Is any woman as synonymous with another creature as Mariah Carey is with a butterfly?
This week, the singer celebrated the 30th anniversary of the release of her groundbreaking album Butterfly, and now she celebrates the arrival of her collaboration with the jeweler Chopard, which launches in stores and online today, September 16. The pieces, a mix of butterflies rendered in diamonds on rings, bracelets, earrings, and a breathtaking statement necklace, commemorate Carey’s longtime affinity for the creature who helped her conceptualize her life as an independent artist at the top of a male-dominated music industry. She describes the process of seeing and wearing the pieces, while simultaneously celebrating “my favorite album that I’ve done,” as an emotional experience. “It’s a major moment, and it’s a full circle moment,” she says. Here she tells us about conceptualizing the collection, her daily jewelry wardrobe, and how she will wear the pieces.
Harper’s Bazaar: I want to start by talking about this incredible butterfly necklace.
Mariah Carey: Oh my gosh.
HB: The butterfly, of course, is this incredibly significant symbol of transformation for you. But seeing the butterfly rendered in diamonds reminded me of how dazzling they are. They’re the most beautiful living creatures. And I wondered if you learned anything about the butterfly, seeing it rendered in diamonds.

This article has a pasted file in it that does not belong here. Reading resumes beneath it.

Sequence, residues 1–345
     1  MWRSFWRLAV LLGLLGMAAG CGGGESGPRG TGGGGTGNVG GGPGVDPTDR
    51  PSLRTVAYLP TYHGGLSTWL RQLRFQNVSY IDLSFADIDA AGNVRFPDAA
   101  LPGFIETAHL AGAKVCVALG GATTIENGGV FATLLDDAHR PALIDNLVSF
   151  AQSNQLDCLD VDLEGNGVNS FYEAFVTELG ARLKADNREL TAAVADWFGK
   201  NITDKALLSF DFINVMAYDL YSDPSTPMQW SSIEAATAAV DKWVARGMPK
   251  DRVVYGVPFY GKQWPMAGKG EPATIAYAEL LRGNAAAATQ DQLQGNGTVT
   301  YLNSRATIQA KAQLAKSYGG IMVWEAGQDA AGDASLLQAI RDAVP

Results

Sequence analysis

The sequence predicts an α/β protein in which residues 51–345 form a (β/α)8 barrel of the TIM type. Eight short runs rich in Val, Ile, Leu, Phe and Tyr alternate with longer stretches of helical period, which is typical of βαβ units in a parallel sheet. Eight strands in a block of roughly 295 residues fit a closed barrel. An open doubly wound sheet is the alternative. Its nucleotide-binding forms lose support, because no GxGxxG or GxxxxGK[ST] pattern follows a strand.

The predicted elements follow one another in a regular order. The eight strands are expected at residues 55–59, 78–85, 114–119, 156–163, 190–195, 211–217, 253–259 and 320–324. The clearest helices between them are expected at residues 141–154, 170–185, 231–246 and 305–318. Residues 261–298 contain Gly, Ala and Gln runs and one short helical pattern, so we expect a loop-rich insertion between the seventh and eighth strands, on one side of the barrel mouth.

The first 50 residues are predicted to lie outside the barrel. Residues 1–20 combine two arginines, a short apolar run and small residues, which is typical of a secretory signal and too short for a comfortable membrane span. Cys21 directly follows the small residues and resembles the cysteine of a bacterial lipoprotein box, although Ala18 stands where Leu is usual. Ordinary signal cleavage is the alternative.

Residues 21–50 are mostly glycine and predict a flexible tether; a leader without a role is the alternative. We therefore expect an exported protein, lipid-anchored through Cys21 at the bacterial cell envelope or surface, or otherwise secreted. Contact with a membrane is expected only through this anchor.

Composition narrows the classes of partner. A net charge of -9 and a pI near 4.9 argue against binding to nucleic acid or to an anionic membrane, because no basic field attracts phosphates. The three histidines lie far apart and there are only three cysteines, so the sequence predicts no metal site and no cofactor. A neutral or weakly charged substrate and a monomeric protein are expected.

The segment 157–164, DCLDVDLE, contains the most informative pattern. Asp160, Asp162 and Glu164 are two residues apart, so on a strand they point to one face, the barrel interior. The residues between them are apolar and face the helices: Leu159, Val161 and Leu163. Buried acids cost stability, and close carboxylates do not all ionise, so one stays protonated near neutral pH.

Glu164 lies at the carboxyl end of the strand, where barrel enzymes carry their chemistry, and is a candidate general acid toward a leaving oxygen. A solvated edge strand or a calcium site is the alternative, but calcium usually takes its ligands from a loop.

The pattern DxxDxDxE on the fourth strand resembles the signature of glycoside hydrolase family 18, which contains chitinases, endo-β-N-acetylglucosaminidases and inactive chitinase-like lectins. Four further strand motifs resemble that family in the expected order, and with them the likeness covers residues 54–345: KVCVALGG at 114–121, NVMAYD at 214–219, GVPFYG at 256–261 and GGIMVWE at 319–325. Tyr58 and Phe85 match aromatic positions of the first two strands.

The enduring symbol of the butterfly—I mean, we can go on and on about different people’s interpretations and feelings. My own personal feelings are so very specific to my album Butterfly and that period of my life, which we are celebrating the anniversary of this year, [coincidentally] at the same time that this is all happening, right? Because we’ve been working on this [with Chopard] for two years together, and it happened by accident [that] we’re re-releasing the Butterfly album, which is my favorite album that I’ve done.
And yes, I have a very specific relationship with the butterfly and just the whole metamorphosis of it. The way that I had to come through a very difficult time in my life and, you know, like they say, you’ve gotta go through something to get something.
I had to get to that place where I felt empowered enough to metaphorically fly and be free from that place where I was. I started out in this industry as such a young girl in a really difficult world, dominated by men. I wrote this song as I was leaving this mansion that I had paid for half of, and [where] I had sort of created my own little prison, not really deliberately, but it ended up feeling that way. And I was leaving and I wrote the lyrics and the melody to [the song “Butterfly”]: Spread your wings and prepare to fly / for you have become a butterfly.
And so that’s always stuck with me.
I’ve made many albums since then, but it’s just very specific to me. So to see this magnificent butterfly necklace, and the ring—I mean, it was so much to even be able to say, I collaborated on this. To be able to admire the craft—I don’t want to say “craftsmanship.” Please give me another word.
HB: The creation, the artistry?